We hold grudges from previous comments and that makes us believe our own thoughts even more, so we are in a vicious circle. How do we step off this mind blowing, soul destroying merry go round?

Like what I write then visit us at

"When you doubt your power, you give power to your doubt.” Honore de Balzac

You can’t do it! You’ll never be good enough! You’re going to fail!
I was the ’under’ child/adult - Underachiever... Underdog... Underactive.

I remember to this day being told by my father that I couldn’t have football boots because I couldn’t play football, so guess what?... I follow rugby and he hasn’t the first clue about rugby and therefore he cannot judge me… the power of positive thought!

I wanted to paint but was told I never would… if you have a passion for it go for it… I did!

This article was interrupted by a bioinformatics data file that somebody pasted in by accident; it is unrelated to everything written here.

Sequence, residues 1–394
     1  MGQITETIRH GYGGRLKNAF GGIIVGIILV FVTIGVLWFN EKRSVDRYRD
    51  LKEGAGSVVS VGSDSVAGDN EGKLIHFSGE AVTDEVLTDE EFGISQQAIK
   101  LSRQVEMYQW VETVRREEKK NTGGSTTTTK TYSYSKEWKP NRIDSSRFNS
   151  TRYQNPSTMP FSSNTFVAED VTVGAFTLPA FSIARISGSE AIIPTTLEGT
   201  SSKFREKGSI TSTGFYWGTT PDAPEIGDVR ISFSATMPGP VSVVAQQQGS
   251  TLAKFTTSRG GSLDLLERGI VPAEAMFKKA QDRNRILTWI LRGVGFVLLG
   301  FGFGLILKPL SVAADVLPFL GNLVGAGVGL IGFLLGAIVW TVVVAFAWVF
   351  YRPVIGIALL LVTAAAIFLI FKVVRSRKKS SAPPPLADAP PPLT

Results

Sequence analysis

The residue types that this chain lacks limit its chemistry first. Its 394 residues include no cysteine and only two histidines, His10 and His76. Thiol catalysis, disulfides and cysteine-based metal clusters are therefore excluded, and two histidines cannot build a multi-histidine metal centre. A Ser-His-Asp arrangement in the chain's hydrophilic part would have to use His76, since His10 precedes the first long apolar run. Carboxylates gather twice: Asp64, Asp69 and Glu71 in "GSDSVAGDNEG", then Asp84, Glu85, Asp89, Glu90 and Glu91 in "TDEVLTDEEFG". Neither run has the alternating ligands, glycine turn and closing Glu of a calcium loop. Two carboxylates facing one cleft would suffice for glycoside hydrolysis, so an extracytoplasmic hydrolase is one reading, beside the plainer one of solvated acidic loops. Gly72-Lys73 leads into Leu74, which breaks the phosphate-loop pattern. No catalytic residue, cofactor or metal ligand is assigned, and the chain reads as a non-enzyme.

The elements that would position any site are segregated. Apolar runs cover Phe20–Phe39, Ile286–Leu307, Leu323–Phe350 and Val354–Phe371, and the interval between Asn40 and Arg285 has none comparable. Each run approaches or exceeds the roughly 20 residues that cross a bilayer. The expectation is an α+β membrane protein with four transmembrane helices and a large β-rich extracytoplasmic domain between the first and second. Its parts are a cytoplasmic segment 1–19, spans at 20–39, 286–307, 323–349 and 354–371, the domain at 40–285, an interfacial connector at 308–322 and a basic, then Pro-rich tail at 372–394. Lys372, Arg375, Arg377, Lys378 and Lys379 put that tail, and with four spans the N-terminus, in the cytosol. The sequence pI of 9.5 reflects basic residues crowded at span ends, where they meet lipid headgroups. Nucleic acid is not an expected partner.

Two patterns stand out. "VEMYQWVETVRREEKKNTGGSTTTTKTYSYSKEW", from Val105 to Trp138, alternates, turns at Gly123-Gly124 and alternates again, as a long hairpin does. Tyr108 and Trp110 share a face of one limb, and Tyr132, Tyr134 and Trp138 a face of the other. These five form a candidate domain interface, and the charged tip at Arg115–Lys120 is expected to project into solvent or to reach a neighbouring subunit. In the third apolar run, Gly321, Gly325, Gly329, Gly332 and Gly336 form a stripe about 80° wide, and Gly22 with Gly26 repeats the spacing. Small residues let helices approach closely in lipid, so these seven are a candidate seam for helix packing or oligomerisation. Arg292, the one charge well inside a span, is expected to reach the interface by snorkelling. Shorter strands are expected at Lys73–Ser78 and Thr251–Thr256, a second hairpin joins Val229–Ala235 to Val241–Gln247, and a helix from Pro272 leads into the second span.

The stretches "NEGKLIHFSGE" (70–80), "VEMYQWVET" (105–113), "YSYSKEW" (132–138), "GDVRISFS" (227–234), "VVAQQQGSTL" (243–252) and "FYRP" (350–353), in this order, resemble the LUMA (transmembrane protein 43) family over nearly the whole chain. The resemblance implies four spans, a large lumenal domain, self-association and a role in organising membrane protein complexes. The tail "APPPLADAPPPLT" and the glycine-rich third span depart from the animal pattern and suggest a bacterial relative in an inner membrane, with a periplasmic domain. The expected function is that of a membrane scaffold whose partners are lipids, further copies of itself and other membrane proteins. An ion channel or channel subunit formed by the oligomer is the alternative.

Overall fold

I always enjoyed poetry and guess what?... all who knew me, knocked me and yes, I write poetry!

I wanted to learn a foreign language but I was constantly negatively corrected, so ended up leaving it. Years later, when I had gained enough confidence, I realised others had misjudged my ability to learn and I did take up learning some languages.
So often I used to refrain from doing something I had an interest in because of self-doubt put into my head by others… I had almost become conditioned.

Self-doubt will creep into the minds of all who exist, but those with sky high confidence can put it to the back of their minds, shake it off and move forward, even if only till it raises its head again. However, there are those (I count myself as a former one) that find it almost impossible to let go.
You need to find a way, don’t let it beat you at any cost. Take a positive approach to new tasks and those you currently struggle with . Remember the words of that song “Don’t stop believing”... it’s the only way to ensure a positive healthy life.
I can remember trying to do my shoe laces and failing and thinking I was stupid, but a girl from our road believed in me and took the time to show me how to tie them and showed all the patience in the world… I succeeded, even though it took most of the day!